In the Works: IT Ministry's New ID To Rule Them All
This 'Federated Digital Identity' would serve as a key to a registry where all different identities could be stored.
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The Ministry of Electronics and Information Technology (MeitY) has proposed a new model of “Federated Digital Identities” under which a citizen’s multiple digital IDs can be interlinked, stored, and accessed via one unique ID, The Indian Express reports.
The draft proposal, reviewed by the publication, says that this umbrella digital identity will empower the citizen by “putting her in control of these identities and providing her the option of choosing which one to use for what purpose”.
This “Federated Digital Identity” would also serve as a key to a registry where all different identities could be stored; state and central.
All the digital identities (Pan, Aadhaar, Voter ID) of a citizen can reportedly be interlinked with each other, which would eliminate the need for repeated verification process.
According to the report, the proposal is expected to soon be in the public domain and the Ministry will seek comments by 27 February.
Three Software Architecture Patterns Proposed
Apart from a unique umbrella ID, the new framework has also proposed three major software architectural patterns for different government agencies, the publication reported.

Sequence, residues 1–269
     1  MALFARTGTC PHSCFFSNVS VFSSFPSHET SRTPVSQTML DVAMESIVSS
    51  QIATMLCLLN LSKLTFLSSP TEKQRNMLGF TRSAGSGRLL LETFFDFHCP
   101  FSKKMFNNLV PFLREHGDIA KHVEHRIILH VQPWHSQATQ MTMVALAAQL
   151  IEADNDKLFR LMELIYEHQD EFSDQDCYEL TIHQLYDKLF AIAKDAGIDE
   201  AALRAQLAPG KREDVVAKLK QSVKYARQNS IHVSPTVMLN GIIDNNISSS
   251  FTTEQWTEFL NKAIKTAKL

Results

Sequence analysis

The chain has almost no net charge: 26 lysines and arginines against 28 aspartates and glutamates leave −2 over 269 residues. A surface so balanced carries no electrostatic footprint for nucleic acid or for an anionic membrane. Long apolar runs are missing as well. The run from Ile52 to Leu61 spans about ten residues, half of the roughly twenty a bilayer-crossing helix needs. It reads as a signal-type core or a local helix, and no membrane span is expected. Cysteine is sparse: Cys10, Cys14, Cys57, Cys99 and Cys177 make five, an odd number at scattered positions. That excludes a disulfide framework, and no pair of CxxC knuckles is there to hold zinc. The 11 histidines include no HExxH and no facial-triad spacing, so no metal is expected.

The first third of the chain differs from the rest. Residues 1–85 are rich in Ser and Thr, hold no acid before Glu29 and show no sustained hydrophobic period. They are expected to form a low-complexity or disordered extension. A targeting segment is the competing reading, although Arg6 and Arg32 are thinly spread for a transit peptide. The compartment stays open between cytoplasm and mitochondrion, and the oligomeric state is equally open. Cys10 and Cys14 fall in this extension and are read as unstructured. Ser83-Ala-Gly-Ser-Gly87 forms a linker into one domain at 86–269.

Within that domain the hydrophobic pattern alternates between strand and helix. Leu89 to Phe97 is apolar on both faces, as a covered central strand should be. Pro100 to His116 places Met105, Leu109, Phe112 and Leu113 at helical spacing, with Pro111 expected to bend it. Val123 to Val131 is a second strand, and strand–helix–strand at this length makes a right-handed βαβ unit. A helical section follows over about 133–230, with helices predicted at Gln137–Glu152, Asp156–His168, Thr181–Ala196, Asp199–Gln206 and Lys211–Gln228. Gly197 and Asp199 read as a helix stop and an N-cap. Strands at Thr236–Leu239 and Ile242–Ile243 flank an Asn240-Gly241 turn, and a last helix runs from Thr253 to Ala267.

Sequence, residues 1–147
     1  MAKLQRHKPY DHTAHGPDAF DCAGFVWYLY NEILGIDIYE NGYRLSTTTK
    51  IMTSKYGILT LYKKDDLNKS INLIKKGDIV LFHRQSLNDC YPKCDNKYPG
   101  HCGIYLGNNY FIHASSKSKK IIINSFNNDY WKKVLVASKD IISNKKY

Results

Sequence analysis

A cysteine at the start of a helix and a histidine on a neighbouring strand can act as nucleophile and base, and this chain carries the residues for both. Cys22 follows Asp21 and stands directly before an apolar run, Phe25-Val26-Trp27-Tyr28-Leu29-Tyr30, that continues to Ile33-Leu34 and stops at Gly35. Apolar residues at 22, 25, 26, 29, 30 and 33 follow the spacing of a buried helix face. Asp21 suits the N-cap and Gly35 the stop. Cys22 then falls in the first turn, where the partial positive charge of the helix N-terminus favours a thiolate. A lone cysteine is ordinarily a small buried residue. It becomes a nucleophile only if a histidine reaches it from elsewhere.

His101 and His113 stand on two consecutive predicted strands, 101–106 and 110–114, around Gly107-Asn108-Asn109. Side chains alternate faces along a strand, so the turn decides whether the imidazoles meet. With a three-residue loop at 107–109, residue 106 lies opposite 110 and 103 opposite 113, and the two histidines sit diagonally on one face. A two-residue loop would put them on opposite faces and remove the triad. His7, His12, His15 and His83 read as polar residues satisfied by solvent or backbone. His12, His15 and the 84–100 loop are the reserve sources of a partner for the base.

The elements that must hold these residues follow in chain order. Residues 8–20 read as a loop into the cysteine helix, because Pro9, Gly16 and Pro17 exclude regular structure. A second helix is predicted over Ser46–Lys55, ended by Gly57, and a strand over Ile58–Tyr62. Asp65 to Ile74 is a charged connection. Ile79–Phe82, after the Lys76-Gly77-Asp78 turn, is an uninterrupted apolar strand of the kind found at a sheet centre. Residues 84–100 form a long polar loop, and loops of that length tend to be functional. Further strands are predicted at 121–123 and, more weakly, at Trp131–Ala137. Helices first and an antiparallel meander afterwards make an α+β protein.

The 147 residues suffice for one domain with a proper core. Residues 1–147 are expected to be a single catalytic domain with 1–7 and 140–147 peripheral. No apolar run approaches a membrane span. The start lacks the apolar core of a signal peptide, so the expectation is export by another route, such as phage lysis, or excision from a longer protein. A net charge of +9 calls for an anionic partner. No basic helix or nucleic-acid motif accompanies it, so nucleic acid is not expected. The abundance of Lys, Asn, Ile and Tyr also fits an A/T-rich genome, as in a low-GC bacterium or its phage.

These have been proposed under the 2.0 version of India Enterprise Architecture (InDEA). Architecture here refers to a framework and set of guidelines to build new software systems.
The domain architecture pattern would be most suited to Central ministries as well as bodies that have substantial funding and involvement of the Central government.
The state architecture pattern would be suited to state governments, while a third 'InDEA Lite' architecture pattern is recommended for smaller departments of the Central and state governments.
The framework also suggests that information technology projects that are built under the new architecture must be interlinked and interoperable.
These projects must follow the government’s open application programming interface policy, which mandates that the source code of the project is available for everyone to tweak and improve upon.
(With inputs from The Indian Express)
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